Wednesday, June 2, 2021

WEP - When to let go...

Insecure Writer's Support Group

Purpose of the IWSG: To share and encourage. Writers can express doubts and concerns without fear of appearing foolish or weak. Those who have been through the fire can offer assistance and guidance. It’s a safe haven for insecure writers of all kinds! Join us!

The Question:

For how long do you shelve your first draft, before reading it and re-drafting? Is this dependent on your writing experience and the number of stories/books under your belt?

My Answer

It depends on many things, but I've never felt that I released a book too soon.

My latest WIP, A Passion for Murder, has been shelved many times this last year. It's the final book in my Alaskan Mystery Series, and I want it to be worthy of that title. I've sent it out to beta readers, and while I received positive responses. I still wasn't happy.

I've done another re-write, and now, finally, I think it's ready. I'll know for sure after a read-aloud edit, but I don't regret taking my time. It may frustrate the readers, but time, I've found, only makes the story better.

 The outstanding co-hosts this month are:

Be sure to say hello!




The Great Wave is an iconic work created in the 1820’s by Hokusai. Katsushika Hokusai (1760-1849) was a  Japanese artist from the Edo period. He was a master of Ukiyo-e, a genre of woodblock prints and paintings very popular at the time in his country. Ukiyo-e translates loosely as ‘images of the floating world.’ The Great Wave of Kanagawa, also condensed to The Great Wave, is part of a series called Thirty-six views of Mount Fuji, is Hokusai’s most well-known work. Have a peek at the series here. And read more about Hokusai here.

The immediate response to this prompt could be to relate it to the tsunami of 2004 or the Japanese nuclear disaster. And it is a small step from there to jump to the climate issues we are facing round the world, the unprecedented weather patterns and natural disasters small and large.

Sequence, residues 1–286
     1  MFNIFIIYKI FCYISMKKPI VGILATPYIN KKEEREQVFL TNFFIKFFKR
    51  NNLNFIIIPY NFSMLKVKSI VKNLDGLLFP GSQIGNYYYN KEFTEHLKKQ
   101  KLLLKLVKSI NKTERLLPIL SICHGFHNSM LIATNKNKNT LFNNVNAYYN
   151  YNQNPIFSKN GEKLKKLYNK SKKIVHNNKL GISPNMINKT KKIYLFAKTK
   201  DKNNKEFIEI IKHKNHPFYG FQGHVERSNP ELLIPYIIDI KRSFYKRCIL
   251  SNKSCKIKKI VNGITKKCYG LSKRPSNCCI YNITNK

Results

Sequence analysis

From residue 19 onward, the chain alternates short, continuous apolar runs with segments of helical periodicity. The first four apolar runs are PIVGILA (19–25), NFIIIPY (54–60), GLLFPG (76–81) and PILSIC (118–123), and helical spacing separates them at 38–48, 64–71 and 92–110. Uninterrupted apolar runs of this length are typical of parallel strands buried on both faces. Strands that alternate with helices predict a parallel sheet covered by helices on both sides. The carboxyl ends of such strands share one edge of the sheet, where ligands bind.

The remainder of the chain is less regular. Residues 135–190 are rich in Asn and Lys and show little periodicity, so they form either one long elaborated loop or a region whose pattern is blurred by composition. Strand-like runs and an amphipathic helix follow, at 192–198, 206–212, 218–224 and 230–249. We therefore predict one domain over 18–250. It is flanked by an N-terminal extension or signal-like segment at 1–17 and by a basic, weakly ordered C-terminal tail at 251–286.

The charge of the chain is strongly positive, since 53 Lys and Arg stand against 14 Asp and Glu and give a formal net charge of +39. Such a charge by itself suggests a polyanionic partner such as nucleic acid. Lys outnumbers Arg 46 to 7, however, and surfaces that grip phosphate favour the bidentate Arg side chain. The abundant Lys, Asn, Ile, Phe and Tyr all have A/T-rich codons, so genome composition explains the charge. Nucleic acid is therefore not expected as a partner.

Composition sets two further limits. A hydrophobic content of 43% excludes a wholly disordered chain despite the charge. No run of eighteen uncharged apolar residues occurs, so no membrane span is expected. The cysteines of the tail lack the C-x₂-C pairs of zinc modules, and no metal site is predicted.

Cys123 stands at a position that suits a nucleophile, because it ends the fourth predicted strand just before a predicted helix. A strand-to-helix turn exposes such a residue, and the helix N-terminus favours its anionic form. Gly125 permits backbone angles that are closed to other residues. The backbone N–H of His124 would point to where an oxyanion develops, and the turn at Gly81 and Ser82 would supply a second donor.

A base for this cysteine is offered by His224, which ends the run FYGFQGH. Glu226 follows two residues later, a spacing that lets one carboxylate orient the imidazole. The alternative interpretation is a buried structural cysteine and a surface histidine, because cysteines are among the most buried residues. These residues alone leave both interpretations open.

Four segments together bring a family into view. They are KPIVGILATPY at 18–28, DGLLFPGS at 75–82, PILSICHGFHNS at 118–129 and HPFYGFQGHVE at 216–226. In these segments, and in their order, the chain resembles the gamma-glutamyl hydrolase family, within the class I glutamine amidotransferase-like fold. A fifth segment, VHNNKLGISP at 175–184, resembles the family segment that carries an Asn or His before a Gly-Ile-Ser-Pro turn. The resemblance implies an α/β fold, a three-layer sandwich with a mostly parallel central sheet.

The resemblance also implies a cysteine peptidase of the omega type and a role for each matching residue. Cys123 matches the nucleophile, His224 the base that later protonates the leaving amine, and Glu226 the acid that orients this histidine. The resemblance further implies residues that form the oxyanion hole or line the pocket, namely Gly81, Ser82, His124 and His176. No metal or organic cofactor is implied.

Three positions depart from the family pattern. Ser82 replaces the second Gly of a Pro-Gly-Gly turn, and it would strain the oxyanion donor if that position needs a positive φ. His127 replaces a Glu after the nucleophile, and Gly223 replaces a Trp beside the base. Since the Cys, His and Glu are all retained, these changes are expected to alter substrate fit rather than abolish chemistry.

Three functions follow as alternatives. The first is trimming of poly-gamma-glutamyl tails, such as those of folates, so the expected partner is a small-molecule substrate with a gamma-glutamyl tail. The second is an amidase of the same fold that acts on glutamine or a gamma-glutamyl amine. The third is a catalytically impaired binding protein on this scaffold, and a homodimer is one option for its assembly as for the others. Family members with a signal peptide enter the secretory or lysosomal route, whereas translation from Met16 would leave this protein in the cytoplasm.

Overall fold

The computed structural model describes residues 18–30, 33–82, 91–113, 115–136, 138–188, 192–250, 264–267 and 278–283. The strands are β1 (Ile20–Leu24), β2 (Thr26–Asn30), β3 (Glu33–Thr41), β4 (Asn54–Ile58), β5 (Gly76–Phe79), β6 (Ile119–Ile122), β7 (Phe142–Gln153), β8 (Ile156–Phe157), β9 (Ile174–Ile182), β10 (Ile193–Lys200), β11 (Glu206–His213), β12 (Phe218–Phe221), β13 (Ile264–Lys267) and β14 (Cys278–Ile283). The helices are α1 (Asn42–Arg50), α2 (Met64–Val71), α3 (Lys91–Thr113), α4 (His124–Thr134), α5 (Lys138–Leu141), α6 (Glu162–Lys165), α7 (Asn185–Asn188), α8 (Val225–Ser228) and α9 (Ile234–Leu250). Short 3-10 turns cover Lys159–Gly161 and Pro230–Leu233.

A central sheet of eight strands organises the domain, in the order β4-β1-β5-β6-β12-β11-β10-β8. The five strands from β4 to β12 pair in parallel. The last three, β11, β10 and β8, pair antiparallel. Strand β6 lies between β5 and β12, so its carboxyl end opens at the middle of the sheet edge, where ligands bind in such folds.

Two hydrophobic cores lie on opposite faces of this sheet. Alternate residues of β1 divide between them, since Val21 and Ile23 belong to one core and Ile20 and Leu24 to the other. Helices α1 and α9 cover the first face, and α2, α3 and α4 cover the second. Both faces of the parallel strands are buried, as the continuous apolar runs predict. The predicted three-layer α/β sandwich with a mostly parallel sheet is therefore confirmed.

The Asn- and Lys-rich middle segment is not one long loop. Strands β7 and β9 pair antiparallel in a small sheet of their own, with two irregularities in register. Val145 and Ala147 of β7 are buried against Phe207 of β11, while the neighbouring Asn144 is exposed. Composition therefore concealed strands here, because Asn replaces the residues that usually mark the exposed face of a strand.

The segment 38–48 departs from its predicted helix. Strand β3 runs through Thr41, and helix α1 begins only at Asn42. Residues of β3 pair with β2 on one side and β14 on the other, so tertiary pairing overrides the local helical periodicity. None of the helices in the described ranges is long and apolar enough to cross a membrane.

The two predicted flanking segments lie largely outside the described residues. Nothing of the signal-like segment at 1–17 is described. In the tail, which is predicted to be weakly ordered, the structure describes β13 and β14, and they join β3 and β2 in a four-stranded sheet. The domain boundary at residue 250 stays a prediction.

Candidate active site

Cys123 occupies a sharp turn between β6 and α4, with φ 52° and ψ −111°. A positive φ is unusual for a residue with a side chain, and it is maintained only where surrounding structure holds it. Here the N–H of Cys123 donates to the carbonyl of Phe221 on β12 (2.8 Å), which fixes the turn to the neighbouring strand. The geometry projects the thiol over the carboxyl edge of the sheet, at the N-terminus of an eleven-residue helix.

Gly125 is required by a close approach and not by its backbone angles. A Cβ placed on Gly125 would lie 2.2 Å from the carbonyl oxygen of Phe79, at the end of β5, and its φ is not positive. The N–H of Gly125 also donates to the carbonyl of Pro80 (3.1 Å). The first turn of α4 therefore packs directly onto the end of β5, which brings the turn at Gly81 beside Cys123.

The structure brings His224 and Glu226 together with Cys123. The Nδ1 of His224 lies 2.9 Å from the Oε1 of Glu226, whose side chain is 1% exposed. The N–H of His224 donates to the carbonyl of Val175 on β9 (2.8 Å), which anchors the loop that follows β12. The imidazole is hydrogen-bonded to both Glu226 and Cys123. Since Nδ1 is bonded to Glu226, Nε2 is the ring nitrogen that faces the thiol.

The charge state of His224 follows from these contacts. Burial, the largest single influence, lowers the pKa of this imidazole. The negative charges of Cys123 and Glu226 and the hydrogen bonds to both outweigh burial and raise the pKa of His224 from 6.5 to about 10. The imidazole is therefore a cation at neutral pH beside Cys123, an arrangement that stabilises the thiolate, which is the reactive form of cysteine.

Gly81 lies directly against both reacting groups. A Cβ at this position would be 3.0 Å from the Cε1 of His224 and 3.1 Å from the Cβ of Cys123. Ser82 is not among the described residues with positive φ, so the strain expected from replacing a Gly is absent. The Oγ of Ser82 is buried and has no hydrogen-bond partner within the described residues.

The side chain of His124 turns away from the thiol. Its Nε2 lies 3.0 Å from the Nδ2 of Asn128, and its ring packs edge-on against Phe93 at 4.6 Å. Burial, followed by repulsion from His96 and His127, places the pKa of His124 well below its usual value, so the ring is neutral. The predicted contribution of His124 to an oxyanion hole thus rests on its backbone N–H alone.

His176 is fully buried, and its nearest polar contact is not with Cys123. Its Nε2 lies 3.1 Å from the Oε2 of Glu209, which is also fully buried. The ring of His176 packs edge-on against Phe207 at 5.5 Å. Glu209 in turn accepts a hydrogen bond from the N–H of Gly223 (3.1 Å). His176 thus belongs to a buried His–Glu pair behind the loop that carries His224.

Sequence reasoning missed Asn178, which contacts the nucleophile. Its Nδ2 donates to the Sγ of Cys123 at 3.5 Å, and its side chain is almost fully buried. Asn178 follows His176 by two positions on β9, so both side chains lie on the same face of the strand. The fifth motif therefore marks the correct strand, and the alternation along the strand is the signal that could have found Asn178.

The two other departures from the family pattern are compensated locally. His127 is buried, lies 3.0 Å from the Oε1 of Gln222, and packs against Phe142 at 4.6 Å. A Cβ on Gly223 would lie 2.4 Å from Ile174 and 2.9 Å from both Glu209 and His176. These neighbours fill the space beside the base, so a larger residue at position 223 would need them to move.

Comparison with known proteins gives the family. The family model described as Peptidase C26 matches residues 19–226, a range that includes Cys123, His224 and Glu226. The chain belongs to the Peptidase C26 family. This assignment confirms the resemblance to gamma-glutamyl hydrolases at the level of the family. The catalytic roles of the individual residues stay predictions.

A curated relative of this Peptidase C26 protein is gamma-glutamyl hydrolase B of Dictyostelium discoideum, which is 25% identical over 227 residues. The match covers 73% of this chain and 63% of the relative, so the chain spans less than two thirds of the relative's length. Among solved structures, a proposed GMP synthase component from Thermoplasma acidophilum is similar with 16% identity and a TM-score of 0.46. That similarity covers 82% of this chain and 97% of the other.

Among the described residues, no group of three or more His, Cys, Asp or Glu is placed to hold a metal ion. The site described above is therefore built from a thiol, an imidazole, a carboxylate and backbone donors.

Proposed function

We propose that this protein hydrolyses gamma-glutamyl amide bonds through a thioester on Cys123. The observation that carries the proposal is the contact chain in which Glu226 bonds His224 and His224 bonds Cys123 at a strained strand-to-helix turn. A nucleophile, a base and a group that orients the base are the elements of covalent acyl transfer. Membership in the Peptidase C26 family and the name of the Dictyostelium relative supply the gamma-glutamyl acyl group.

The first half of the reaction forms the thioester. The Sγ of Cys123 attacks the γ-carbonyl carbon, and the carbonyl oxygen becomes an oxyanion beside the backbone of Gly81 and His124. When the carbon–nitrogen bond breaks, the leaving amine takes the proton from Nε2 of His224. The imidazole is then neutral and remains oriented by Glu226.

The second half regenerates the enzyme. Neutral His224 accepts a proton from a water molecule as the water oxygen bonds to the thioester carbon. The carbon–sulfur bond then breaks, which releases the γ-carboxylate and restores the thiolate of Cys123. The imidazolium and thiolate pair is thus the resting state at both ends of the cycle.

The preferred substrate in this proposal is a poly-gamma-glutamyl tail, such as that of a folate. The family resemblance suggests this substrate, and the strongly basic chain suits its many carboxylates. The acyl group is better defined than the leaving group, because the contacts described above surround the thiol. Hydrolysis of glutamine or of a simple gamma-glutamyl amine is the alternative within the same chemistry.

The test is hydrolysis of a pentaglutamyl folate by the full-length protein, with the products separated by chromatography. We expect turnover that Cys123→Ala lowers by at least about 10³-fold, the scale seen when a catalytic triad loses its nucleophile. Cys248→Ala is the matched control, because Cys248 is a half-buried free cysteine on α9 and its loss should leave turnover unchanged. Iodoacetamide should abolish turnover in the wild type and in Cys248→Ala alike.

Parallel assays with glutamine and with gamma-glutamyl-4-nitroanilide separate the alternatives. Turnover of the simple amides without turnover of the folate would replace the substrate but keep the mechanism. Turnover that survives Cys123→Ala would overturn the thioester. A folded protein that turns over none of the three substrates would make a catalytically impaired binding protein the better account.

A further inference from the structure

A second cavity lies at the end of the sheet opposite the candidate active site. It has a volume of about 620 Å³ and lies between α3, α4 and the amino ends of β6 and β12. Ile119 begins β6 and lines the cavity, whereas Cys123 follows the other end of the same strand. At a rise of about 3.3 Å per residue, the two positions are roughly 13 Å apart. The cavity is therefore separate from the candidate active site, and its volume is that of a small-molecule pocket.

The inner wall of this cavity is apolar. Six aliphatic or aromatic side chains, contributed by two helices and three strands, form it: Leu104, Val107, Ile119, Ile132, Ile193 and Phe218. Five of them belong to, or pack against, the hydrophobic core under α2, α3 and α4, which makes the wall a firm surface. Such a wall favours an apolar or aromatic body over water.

But a great wave need not be always of water – it can be a great wave of refugees. And of soldiers. Or protesters and last but not the least, voters.

Equally a great wave of an emotion – pain, love, bitterness, rage, nausea, which one will your characters feel?

It could even be a small wave, we'll leave the size up to you – the wave of a hand, the flutter of a flag. Or cravat/tie.

So many places to float away to, which one will you choose with this prompt?

Join the WEP for the third challenge


  1. Hi,
    I feel it is so important that the author is at peace with a book that published because that feeling of contentment flows over to the reader. I find it good that you work on it until you know it is ready and then you move on.

    Hoping to see you at the WEP.

    Have a lovely month of June.

    Shalom aleichem,
    Pat G @ EverythingMustChange

  2. Why rush it? Completing a series is a big thing and it needs to go out with a bang.

  3. Taking a little extra time to get it right is always worth it. I do a read-aloud edit, too. It is amazing how much you catch with that technique, especially in the rhythm.

  4. Totally agree! Time is so important.

  5. Taking the time needed for a story is paramount. Many beginner writers publish prematurely, but that is a mistake. A story needs time to germinate, and only the author knows how long that time should be.

  6. I agree--it's no good trying to rush a book out. Having something out there that you are unhappy with isn't going to do you any good. And some books are stubborn, with issues that it takes a lot of time to suss out and more time to fix.


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